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Members of La Fania All Stars. 1980. Judy Morales/Fania Records.
Members of La Fania All Stars. 1980. Judy Morales/Fania Records.

Back to the identity crusade

Like the rhythms, we are many and the same.

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Let's think about three iconic Latin American musical genres: cumbia, tango, and salsa.

Cumbia, which today floods the entire continent, was born from the encounter between indigenous flutes and African drums in the context of the Spanish colony. It originated in San Jacinto, in northern Colombia, from where it went on a pilgrimage through the Andes to Argentina and climbed up to Mexico.

The tango has African influences in the turns of the couple's hips, and in their embrace, creates the characteristic style of the dance. It finds its guitar brought from Spain (with Arab origin) in the bandoneon: a German instrument, initially designed to be a portable organ for rural funeral services but ended up being the characteristic sound of the music we think of as painful, nostalgic and sensual.

Salsa began in New York, with competitions in dance halls between black big bands and groups of Cuban immigrant musicians in the second decade of the 20th century. In the competition for the audience, both groups began to complement each other. There, the Antillean rhythms found the aggressiveness of the copper winds and salsa took on its characteristic trombones and trumpets. The combo cooked in the fire of the Hells Kitchen and thus the children of the poorest Latinos in the Bronx gave the world the miracle of salsa brava.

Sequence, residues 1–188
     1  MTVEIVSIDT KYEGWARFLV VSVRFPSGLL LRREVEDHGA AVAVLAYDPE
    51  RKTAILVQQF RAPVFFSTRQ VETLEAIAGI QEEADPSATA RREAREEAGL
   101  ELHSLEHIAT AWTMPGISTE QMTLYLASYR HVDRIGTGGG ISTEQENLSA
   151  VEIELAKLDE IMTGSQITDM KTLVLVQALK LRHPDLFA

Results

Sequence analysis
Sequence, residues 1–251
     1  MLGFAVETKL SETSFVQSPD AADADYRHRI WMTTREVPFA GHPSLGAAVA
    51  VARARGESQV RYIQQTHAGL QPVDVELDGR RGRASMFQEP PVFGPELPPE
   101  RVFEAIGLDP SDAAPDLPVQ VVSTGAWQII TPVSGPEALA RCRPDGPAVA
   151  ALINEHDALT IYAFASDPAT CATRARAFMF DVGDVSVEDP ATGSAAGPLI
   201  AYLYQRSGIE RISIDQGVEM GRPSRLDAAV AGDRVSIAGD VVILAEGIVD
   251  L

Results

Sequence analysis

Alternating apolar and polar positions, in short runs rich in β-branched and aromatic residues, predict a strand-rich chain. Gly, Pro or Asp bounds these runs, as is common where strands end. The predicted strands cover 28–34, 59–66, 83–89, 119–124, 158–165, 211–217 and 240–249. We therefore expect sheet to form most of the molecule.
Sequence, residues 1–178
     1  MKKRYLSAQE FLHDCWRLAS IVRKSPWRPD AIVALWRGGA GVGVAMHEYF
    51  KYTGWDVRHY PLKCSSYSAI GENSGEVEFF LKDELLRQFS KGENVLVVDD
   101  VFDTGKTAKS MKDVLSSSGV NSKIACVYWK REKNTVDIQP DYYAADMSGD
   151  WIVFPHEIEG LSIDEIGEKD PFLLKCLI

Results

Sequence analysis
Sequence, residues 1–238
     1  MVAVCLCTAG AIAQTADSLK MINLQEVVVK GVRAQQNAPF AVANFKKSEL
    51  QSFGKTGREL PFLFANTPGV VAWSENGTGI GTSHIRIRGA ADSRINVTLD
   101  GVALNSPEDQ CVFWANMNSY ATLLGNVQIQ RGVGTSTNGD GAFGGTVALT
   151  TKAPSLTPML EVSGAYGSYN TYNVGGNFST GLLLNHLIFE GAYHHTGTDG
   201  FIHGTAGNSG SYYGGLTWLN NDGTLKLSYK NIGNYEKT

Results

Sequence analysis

We can all agree that these three rhythms are Latin rhythms, but with this brief account, it is already clear that none of them are exempt from the influence of other regions and communities. Latin identity –like any other–  is not made out of anything, but in the coming and going of our encounters and disagreements and in the way we tell and are told of those unions.

This week we have asked ourselves how the way we tell and learn our stories impacts our lives, and how and in what spaces we decide to make ourselves owners of those stories to define the Latino identity, which is so much ours and, at the same time, of so many others.

Ethnic studies is one of the possible routes for that exercise of empowerment and authority over our memories and future encounters. This issue is one of the many moments when we are going to ask ourselves again what it is to be Latino and about all the unexpected and rich mixes that have led us to be ourselves in so many different ways.

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